- The Enterprise
- The Recorder
Operation Christmas Child in Southern Maryland has come a long way since it was introduced in the area almost a decade ago.
But then again, the first year it kicked off was pretty successful, said Melissa Weikel, the program’s area coordinator.
Shoeboxes are filled with toys, toiletries and school supplies and delivered by volunteers and staff of Samaritan’s Purse Operation Christmas Child, a Christian organization that provides aid to people around the world.
“The first year we collected 3,000 boxes,” she said. “It was way more than we thought we’d collect.”
Since then, the number of boxes has bumped up each year.
And volunteers are more than willing to help.
“Our motto is ‘Just one more,’” Weikel said. “It’s like potato chips.”
Last year, the local group collected 10,531 boxes. This year it is setting the goal of having 12,000 boxes dropped off at designated collection sites during the week of Nov. 18.
Operation Christmas Child was founded in 1993.
An average cardboard shoebox will do or a plastic storage bin about the size of a shoebox works, too.
Veteran volunteers and packers shop throughout the year, taking advantage of school supply clearance sales and other deep discounts on toys, toiletries and anything else children might get a kick out of.
Larry and Ellen Peed of Waldorf were introduced to Operation Christmas Child by their daughter Marsha, who heard about it at her church in Fairfax, Va.
For years the Peeds have been volunteering with the Southern Maryland group, each year packing more and more.
Ellen was going to pack 10 boxes this year but had a bunch of stuff left over.
“Pack another box,” Larry reasoned. So she did.
This year Ellen is adding handmade hair bands to the shoeboxes, made on a loom that Larry created. During the year, they find deals on small calculators (finding some for less than 50 cents at Office Depot), T-shirts at Wal-Mart and school supplies on sale after the back-to-school rush subsides.
The gifts are delivered all over the world to children living in the slums of South America, Africa, Russia and other areas. Ten countries participate in making the boxes, Weikel said.
The ones she doled out in Africa came from the United Kingdom, evident from the prevalence of items featuring an image of the Union Jack flag.
During a spring visit to Uganda to hand out the shoeboxes, Weikel said she saw the extreme poverty that families live in and learned that the Operation Christmas Child gift is sometimes the only present a child has ever been given.
She had a special connection with Muhumuza, a 14-year-old boy from Kampala, the capital of Uganda.
Every shoebox is supposed to include a handwritten note from the giver, Muhumuza ripped apart his gift looking for the correspondence, which was missing.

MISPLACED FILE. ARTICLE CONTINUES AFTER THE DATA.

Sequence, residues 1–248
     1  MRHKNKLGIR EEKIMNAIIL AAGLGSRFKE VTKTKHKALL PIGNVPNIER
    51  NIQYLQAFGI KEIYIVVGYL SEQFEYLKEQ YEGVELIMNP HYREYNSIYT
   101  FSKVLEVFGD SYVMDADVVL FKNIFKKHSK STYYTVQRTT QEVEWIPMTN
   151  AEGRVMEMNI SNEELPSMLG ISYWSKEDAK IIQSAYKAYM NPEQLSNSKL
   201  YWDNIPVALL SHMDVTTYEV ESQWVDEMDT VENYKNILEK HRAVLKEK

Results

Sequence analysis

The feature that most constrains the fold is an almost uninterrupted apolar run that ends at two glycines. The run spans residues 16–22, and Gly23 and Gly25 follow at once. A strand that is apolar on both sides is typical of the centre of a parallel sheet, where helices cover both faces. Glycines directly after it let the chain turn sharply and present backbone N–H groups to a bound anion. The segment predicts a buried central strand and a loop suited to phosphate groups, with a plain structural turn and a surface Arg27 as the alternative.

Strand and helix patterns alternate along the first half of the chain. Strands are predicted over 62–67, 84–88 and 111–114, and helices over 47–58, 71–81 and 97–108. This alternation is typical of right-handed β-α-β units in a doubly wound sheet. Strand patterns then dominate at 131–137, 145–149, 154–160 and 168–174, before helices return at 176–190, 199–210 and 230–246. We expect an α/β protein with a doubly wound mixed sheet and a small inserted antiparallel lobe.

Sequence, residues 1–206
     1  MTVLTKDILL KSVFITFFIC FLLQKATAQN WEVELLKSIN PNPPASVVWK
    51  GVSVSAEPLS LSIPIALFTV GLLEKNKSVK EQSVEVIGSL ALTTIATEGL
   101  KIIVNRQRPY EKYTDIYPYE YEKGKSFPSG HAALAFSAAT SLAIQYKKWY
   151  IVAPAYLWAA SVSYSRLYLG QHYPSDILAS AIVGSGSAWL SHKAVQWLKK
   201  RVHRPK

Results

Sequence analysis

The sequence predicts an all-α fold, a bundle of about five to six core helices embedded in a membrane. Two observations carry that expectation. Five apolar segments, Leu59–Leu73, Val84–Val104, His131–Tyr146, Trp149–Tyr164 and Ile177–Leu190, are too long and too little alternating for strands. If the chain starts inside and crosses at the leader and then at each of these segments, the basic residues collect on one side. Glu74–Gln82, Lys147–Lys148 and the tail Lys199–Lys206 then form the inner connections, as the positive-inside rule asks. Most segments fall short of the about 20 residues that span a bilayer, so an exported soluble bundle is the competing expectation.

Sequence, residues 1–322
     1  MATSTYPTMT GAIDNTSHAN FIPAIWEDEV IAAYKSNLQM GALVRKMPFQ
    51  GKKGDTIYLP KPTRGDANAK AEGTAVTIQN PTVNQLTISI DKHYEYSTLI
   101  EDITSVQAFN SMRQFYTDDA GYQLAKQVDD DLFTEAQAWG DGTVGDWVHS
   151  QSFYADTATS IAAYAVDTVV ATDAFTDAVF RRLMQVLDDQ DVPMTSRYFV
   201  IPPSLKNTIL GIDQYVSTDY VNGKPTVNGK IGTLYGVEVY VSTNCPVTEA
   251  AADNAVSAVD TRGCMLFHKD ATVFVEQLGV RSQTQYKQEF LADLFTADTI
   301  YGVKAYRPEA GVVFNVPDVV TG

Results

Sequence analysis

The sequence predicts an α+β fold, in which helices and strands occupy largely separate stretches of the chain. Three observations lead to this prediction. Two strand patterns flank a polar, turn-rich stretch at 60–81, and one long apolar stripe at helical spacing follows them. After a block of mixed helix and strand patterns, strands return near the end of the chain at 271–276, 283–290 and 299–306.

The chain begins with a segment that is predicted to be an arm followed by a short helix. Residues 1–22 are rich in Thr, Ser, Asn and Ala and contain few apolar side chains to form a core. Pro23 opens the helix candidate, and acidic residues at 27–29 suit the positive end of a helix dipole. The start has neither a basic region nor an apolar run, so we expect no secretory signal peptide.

Remembering his disappointment, Weikel now ensures all the shoeboxes from Southern Maryland have a note. It’s a personal touch that means a lot, she said.
“It’s hard to put into words what this means,” Weikel said. “It gives them hope.
“For these kids, it’s so much more than a present. It’s hope,” she said.
Muhumuza also left an impression on Weikel when he gave her a gift from his shoebox.
Here was a kid who had next to nothing giving her a gift.
She begged off at first, but after he insisted, she accepted and told him that she would treasure it and tell everyone about his kindness.
The trip to Uganda might be the only one Weikel will take to deliver the gifts in person.
Her husband Ken and John Flatley, both operators of Charles County Chick-fil-A restaurants, will travel to Colombia, South America, in January to hand out shoeboxes.
The trips show the final result of the shopping trips and packing parties.
“I was very honored to do it,” Weikel said.
The mother of five, she said that her kids realize how easy they have it and jump at the chance to help with shopping and packing boxes and help whenever they can.
Nathan, 18, Jacob, 16, Anna, 12, Sarah, 9, and Caleb, 8, don’t even have to ask anymore — if they see that Target’s $1 section has items on clearance, one of them turns around and grabs another shopping cart, knowing they are clearing out the place.
Back at home, the dining room turns into an Operation Christmas Child warehouse of sorts until it’s time to start making boxes.
The Weikel family packed 12 boxes this year the reason being, Weikel said, that she would rather take the items to packing parties to make more boxes.
The Wathens of Mechanicsville, including parents John and Kenda with their kids Sophie, 11, Samuel, 8, and Susannah, 2, have been participating in Operation Christmas Child for about nine years. It’s a good way to kick off the holiday season and teaches the children that not all their peers are as blessed as they are, Kenda said.
“It helps them appreciate what they have,”she said. “It’s a good way to start the Christmas season — to give before we get.”
Sophie sums up her reason for looking forward to packing a shoebox or two.
“God blesses us,” she said. “And we should bless others.”